The Zero Gravity cushioning is super light and provides a moderate to firm strike. I found the cushioning ideal for those long descents at the end of a tiring days where I start to make small mistakes. The comfort level of the Cloudrock shoe was excellent – they felt like I was wearing running shoes (which I often do). So the cushioning was more firm than my Cloudflyers and more forgiving the the Cloud Peak running shoes as they don’t have the Speedboard midsole stiffener (but then again you’re unlikely to be racing in the Cloudrock so maybe that’s fine). All in all you should find the cushioning on the Cloudrock shoes much better than many other lightweight hiking boot brands and if cushioning is a priority decision in choosing a pair of lightweight hiking boots then the Cloudrock will probably appear very high on your list.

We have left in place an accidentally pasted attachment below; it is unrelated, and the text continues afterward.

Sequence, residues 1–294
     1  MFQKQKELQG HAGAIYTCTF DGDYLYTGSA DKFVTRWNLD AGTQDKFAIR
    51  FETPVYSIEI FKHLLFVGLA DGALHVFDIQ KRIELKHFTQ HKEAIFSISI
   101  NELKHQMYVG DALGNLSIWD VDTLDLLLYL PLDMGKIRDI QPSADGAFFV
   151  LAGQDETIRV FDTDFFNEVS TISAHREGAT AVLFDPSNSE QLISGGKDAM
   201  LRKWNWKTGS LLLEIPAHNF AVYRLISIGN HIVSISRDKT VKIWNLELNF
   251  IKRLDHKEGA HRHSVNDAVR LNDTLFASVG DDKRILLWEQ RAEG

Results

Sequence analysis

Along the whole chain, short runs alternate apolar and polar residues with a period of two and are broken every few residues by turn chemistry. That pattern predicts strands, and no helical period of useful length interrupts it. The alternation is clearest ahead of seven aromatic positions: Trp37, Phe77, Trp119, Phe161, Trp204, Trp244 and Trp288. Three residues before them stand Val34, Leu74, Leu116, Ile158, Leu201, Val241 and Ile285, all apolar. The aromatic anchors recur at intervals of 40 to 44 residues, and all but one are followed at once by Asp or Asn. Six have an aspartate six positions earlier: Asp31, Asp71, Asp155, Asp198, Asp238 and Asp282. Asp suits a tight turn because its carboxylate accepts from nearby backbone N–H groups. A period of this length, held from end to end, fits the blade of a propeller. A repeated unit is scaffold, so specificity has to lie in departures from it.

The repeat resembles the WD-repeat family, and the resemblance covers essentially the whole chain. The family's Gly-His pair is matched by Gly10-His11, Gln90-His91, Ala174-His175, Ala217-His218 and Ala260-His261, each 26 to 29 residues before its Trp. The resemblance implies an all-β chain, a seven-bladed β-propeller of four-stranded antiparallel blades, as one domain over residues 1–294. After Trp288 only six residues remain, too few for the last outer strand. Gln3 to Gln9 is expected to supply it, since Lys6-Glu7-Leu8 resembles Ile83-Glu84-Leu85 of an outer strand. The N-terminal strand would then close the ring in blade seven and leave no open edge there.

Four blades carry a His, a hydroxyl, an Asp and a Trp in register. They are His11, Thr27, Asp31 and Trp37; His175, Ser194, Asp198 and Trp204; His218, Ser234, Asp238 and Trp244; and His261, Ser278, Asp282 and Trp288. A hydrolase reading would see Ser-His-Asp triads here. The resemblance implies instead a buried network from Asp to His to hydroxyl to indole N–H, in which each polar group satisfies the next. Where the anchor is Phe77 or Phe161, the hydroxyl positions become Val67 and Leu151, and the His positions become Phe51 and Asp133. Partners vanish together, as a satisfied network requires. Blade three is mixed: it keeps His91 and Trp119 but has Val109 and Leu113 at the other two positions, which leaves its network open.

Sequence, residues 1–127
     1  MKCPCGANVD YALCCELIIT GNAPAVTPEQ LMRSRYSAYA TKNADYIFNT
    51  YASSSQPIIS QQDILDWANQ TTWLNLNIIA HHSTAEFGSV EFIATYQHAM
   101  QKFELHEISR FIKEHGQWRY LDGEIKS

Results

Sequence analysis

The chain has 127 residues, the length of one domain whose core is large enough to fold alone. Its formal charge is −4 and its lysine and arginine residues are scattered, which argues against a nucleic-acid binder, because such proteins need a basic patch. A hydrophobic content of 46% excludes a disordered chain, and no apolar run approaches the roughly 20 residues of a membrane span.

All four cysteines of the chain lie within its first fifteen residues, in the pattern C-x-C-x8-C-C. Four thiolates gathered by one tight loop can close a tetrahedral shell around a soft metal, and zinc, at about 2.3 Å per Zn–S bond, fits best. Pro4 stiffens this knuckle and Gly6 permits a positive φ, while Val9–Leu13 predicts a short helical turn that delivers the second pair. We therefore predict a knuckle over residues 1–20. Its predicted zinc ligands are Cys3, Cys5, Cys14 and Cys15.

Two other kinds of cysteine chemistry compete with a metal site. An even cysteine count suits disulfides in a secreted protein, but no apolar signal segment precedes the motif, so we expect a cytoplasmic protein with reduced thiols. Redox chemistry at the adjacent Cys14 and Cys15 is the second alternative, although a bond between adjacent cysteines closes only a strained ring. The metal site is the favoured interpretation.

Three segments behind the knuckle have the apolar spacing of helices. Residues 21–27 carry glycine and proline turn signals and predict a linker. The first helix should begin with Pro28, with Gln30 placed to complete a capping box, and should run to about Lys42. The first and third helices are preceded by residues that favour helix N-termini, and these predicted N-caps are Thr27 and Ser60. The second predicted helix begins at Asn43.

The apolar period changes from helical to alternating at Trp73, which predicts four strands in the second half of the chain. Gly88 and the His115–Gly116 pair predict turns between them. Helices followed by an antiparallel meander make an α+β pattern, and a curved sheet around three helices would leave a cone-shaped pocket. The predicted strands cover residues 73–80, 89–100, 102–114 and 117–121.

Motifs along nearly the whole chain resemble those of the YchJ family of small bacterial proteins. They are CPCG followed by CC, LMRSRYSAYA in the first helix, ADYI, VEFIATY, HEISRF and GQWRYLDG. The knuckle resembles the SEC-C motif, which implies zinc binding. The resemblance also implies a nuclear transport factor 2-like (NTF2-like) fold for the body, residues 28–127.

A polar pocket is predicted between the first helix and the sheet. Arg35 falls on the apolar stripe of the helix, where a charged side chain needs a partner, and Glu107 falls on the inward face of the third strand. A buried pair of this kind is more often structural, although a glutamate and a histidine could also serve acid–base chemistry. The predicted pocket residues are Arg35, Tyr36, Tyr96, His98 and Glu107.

The waterproof membrane worked well but you can see the issue I had with the thin laces.

Stylistically they look a little similar to the ubiquitous Salomon X Ultra boots being all black, although the Cloudrock are a little lighter, have a lower drop and a little more of an understated look (more like Inov 8 Rocklite boots). The fabric main body of the boots has been quite breathable and has so far been quite robust over some quite challenging rocky terrain. The Cloudrock is reinforced with a thin, rubber material which is laminated to form a small rand and the roomy toe box has a more burly rubber te cap. The heel cup is further reinforced with a thicker and stiffer rubber fitting – the size UK8.5 have fitted well and I have had zero heel lift in the boot at all. They do fit nice and snug thanks to the internal sock type fitting around the bellowed tongue. This is all finished with a good sized heel tab to help getting the boot on and off and plenty of reflective decals.

As light as trainers – they really do feel like wearing training shoes.